Specific issues relevant to associated natural gas for Guyana

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Bobby Gossai, Jr.
Bobby Gossai, Jr. is currently pursuing the Degree of Doctor of Philosophy in Economics at the University of Aberdeen with a research focus on Fiscal Policies and Regulations for an Emerging Petroleum Producing Country. He completed his MSc (Econ) in Petroleum, Energy Economics and Finance from the same institution, and also holds an MSC in Economics from the University of the West Indies. Mr. Gossai, Jr.’s professional experiences include being the head of the Guyana Oil and Gas Association and senior policy analyst and advisor at the Ministry of Natural Resources and Environment.

The Association of International Petroleum Negotiators (AIPN) has a definition of crude oil which is wide enough to include condensates, natural gas liquids and other forms of liquid hydrocarbons. Increasingly, economic and political pressures require the parties to extract as much value as possible from their hydrocarbon reserves, which will likely involve finding a way to produce and market associated natural gas.

This, in turn, will mean that the joint venture will produce not only crude oil but condensates and liquid hydrocarbons, often in the form of one or more liquid petroleum gases such as pentane or butane. Each such product is ultimately going to have its own production train and delivery point, and its own mechanism for transportation and marketing. The condition of the disposition of oil must confirm that the parties’ rights to a pro-rata entitlement of each such product; in reality, the parties are likely to agree to a separate lifting agreement for each such product, setting out an appropriate mechanism for forecasting, nominating and lifting entitlements in each case. There is little point in trying to manage the scheduling of lifting of different products under one common lifting agreement.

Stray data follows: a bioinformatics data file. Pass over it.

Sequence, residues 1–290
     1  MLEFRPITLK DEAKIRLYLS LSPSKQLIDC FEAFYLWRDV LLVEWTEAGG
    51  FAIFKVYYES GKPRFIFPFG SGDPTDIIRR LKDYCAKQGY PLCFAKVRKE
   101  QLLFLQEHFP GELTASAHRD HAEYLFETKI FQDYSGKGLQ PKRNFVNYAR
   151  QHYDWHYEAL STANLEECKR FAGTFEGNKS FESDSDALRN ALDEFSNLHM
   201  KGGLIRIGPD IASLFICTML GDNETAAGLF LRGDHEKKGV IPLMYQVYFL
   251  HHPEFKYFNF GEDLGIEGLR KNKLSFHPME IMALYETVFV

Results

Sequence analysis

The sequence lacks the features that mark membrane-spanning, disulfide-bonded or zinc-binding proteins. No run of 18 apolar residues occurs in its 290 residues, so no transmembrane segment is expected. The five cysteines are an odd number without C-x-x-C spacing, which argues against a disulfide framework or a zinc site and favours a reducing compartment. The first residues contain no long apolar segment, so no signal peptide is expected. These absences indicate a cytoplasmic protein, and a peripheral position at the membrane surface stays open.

There is a practical reason for aligning the conditions of the disposition of crude and natural gas more closely. Most hydrocarbon reservoirs are capable of producing crude oil and natural gas in the association. In fact, crude oil and natural gas production must be managed as part of the single coordinated production strategy in order to manage the decline of reservoir pressure effectively. Furthermore, the global natural gas market has evolved considerably, with the expansion of natural gas pipeline networks, liquefied natural gas liquefaction and re-gasification plants, gas to liquids technology, and other mechanisms of transporting and monetizing natural gas. It is becoming more and more likely that the economic potential of the hydrocarbon reservoir will lie partly in its associated natural gas, as well as its crude oil.